Ok, so I know I said I’d have this here by the end of the weekend, but it’s the weekend somewhere right? Or is that it’s 5pm somewhere? I don’t know, and I doubt you care readers. You’re too eager to hear about the differences between working for a public school and a private academy (or hagwon as they are known).
Working hours are probably the most noticeable difference at first glance.
Public schools, as I’m sure you can guess work to the normal school hours, beginning at 8:30ish and finishing around 4. For the early risers among you this might be the better option, however, bear in mind that getting to school by barely-conscious-o’clock can often mean getting up at 6:30 or 7, as your housing probably won’t be next door to the school.
Most hagwons work in the afternoon as the kids are busy being educated by their real teachers for the morning. So, you will most often find a hagwon working from 2 until 9 or 10 at night. This suits me just fine, as I like to get up around 10am. Actually, I’m not sure this isn’t just the result of working these hours, having spent the last 16 years jumping out of bed at 6:50 to squeeze in breakfast and a nap before leaving for school or college.
Next, we’ve got the schedule of classes you are to teach. In hagwons you will probably have mostly class hours for your day. Usually this is 6-7 classes depending on the hagwon. During this time you may or may not have planning periods or time to do work like report cards. This isn’t an issue for me as I do have time to plan, and I am spared the responsibility of report cards.
Public school is a very different kettle of fish altogether. In a public school, teachers, or at least foreign teachers, are only in lessons for about 5 periods. Following the classes you have to remain in the school and prepare for the next day’s lessons. Often this turns into ‘deskwarming’ or online game time, I’ve been told, as the Korean teacher prepares most of the lessons. I shall have to reserve my bitter comments on this one as many of my friends teach in public schools.
Personally, I’m not a fan of having someone looking over my shoulder and dictating what and how I teach so rigorously, so I chose hagwon. At least, that’s what I tell myself now, as I came to Korea after the recruiting for public school positions had closed until the following September. Which brings us right up to the next point.
Public school recruit twice per year, once in January/February, and then again in August. Needless to say you should have found your recruiter and have everything ready to go by this time as that’s when they fly everyone to Korea to begin training. Unfortunately, I cannot comment on what training involves, but I can surmise it involves the indoctrination of the teachers to believe it’s public school or nothing. I joke, truly this orientation is a run down on teaching methods, and a time to get used to being in Korea before beginning work.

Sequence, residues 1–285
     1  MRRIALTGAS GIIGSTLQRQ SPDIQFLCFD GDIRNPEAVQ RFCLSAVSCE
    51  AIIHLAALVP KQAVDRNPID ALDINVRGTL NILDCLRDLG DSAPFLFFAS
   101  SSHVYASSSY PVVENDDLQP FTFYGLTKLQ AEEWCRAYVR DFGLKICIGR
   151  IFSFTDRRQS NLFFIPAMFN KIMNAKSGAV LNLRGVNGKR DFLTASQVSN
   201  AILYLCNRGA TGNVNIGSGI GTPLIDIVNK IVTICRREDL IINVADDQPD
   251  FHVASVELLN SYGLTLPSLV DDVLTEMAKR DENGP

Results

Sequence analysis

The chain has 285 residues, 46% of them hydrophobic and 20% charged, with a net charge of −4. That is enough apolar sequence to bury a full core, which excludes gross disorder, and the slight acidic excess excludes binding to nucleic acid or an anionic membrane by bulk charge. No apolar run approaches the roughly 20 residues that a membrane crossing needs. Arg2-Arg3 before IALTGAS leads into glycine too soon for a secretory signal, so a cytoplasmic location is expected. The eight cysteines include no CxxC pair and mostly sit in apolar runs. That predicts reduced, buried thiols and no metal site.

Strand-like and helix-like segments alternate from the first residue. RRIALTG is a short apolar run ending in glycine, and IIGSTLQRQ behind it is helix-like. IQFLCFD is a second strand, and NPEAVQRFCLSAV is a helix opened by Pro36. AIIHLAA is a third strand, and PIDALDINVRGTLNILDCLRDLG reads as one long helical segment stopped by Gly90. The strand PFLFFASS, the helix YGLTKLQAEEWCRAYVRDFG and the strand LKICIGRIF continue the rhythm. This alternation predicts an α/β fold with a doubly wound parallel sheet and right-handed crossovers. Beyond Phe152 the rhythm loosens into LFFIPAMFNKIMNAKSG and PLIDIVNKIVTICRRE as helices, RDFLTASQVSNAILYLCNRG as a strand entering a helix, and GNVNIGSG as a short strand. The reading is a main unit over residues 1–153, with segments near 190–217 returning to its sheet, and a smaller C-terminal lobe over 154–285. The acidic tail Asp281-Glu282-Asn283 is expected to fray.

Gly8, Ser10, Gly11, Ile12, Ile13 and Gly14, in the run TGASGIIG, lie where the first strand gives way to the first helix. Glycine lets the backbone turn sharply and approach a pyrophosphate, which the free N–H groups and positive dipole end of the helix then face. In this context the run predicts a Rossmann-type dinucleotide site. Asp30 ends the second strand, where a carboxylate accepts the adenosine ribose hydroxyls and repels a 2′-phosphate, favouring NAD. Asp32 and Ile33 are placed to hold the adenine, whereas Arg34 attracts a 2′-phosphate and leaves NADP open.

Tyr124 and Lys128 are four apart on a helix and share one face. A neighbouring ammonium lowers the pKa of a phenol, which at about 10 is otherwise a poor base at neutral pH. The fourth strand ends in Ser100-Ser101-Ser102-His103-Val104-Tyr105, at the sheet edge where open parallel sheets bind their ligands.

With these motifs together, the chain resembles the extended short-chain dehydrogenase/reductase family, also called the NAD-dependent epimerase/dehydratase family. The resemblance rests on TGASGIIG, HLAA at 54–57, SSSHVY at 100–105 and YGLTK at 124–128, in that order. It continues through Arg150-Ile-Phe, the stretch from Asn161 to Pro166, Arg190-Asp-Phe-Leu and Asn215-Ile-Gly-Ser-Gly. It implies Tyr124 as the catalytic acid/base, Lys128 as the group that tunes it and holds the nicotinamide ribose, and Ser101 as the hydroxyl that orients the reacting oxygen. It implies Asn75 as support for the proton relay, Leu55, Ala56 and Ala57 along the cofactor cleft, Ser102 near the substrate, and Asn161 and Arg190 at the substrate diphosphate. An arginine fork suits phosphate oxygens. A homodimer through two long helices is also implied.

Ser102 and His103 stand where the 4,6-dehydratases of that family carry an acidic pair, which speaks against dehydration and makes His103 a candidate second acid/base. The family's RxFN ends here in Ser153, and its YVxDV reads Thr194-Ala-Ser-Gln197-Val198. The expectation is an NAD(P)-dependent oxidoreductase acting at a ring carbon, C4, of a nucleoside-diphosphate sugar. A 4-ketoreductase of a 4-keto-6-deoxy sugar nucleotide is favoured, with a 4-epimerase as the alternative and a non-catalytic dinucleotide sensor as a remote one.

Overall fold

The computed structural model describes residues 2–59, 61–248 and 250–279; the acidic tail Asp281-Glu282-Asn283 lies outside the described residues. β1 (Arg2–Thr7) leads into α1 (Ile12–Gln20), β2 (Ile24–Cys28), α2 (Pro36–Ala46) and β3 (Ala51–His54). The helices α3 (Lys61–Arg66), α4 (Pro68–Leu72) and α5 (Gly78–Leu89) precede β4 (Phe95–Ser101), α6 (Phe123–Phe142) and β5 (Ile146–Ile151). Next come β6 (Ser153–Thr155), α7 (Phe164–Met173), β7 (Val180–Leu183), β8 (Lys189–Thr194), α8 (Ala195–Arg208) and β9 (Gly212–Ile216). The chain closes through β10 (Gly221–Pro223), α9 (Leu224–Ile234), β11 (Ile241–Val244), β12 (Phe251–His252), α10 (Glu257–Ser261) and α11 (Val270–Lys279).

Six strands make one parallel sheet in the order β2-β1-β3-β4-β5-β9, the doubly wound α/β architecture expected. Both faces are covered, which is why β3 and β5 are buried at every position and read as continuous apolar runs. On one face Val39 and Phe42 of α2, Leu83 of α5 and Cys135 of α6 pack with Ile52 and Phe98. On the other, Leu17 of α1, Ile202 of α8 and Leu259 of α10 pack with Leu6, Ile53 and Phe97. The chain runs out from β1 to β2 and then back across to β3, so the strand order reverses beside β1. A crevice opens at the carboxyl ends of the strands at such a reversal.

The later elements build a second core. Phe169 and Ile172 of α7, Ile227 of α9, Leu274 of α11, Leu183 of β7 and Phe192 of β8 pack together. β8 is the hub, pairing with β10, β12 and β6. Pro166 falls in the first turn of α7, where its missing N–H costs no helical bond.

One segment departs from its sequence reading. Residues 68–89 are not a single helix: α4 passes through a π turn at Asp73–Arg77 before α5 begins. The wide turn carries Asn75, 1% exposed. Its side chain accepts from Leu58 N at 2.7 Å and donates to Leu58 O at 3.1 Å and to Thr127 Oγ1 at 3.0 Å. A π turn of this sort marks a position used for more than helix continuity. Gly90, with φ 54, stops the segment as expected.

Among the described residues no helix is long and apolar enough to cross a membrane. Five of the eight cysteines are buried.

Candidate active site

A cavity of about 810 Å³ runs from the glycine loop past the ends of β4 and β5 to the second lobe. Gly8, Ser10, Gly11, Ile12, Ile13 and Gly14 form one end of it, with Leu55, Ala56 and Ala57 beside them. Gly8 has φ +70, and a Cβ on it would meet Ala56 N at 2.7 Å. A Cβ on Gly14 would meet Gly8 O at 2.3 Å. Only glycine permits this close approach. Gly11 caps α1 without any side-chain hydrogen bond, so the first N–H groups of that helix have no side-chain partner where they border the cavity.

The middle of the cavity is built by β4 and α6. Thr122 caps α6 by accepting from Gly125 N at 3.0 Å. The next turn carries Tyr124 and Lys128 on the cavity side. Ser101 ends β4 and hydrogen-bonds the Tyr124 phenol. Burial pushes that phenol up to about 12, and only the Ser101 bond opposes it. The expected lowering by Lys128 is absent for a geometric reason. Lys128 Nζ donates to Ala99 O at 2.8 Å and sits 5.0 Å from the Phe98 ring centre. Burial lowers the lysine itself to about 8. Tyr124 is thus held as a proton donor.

Hagwons on the other hand, recruit year-round. Obviously, some months are busier than others, such as May and September. Usually, schools recruit one to two months before they need a teacher and then fly you out just before you start work. This can be intense. Going from Ireland to Korea and beginning work the next day was definitely a shock to the system.
Once again, I’m going to have to admit the public school teachers are in somewhat of a better position on job security. Public schools rarely close and fire all of their teachers, so you have comfort in knowing your job is guaranteed for the time you are contracted. Although if word on the street is true, these positions are becoming more and more difficult to find.
Due to the nature of the hagwon beast, i.e the private education business, hagwons can begin to lose business and may let teachers go. Some do pay their teachers late and try to get away with shirking certain responsibilities. As such, I recommend talking to the teacher you are replacing before accepting anything. Ask in your interview if you can. If the school says no, ask why. There may be a reason they don’t want you to talk to them. Also, ask if the director speaks English. This can save a lot of drama, as messages have been known to be incorrectly communicated.
Finally, it comes down to the vacation days. In a hagwon, you will usually get 8-10 paid vacation days as appointed by the school. These may not be days of your choosing, or they might be at the end of your contract (meaning you finish 8-10 days early). This can seem like a real drag, especially seeing the public school vacation.
Public school vacation is very nice. You get one vacation in summertime and another in the winter. These usually commence following a week or two of winter teaching camp. You’ll hear the odd story of complaint that a teacher had booked a holiday before consulting their boss about when their vacation actually was, and then pitching a fit when they can’t get the time off. Pros and cons to everything I guess!
I’m not sure if this makes public schools look far superior to hagwons, but I assure you that if it does, that was not my intention. I really love working my current job in a hagwon. The style of teaching suits me, and the freedom of having some wiggle room in the way you teach the material is refreshing. You can change a lesson if it didn’t work with one class, or improve on the bits you felt let you down.
No matter which you choose, teaching in Korea is definitely a wonderful experience, and I would recommend it to almost anyone… Well, maybe not anyone, but anyone thinking of TEFLing abroad shouldn’t discount the idea!